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Elements of Structures and Defects of Crystalline Materials (Paperback) (Tsang-tse Fang)
About this item
Elements of Structures and Defects of Crystalline Materials has been written to cover not only the fundamental principles behind structures and defects, but also to provide deep insights into understanding the relationships of properties, defect chemistry and processing of the concerned materials. Part One deals with structures, while Part Two covers defects. Since the knowledge of the electron configuration of elements is necessary for understanding the nature of chemical bonding, it is discussed in the opening chapter. Chapter Two then describes the bonding formation within the crystal structures of varied materials, with Chapter Three delving into how a material’s structure is formed.
In view of the importance of the effects of the structure distortion on the material properties due to the fields, the related topics have been included in section 3.4. Moreover, several materials still under intensive investigation have been illustrated to provide deep insights into understanding the effects of the relationships of processing, structures and defects on the material properties.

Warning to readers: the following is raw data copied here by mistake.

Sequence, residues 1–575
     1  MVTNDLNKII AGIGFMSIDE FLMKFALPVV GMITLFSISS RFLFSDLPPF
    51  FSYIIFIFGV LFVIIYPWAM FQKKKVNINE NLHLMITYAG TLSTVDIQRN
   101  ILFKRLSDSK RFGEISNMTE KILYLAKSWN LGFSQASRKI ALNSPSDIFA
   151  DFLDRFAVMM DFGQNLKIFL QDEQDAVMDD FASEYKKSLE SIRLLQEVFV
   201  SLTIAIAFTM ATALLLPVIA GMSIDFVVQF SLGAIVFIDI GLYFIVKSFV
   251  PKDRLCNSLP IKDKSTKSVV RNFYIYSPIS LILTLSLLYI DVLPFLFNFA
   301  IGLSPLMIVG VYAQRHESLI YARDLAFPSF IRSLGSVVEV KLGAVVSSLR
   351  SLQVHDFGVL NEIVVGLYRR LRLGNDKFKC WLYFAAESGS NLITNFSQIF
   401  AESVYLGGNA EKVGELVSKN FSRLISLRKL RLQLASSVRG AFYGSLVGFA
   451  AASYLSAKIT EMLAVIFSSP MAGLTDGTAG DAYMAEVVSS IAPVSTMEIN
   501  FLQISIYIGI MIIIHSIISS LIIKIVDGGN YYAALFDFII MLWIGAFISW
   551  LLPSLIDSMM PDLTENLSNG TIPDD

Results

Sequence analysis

The defects of materials are explored in Part II. Chapter 4 deals with the point defects of metal and ceramics. Chapter 5 covers the fundamentals of the characteristics of dislocations, wherein physics and the atomic mechanics of several issues have been described in detail. In view of the significant influence of the morphologies including size, shape and distribution of grains, phases on the microstructure evolution, and, in turn, the properties of materials, the final chapter focuses on the fundamentals of interface energies, including single phase (grain) boundary and interphase boundary.
- Discusses the relationship between properties, defect chemistry and the processing of materials
- Presents coverage of the fundamental principles behind structures and defects
- Includes information on two-dimensional and three-dimensional imperfections in solids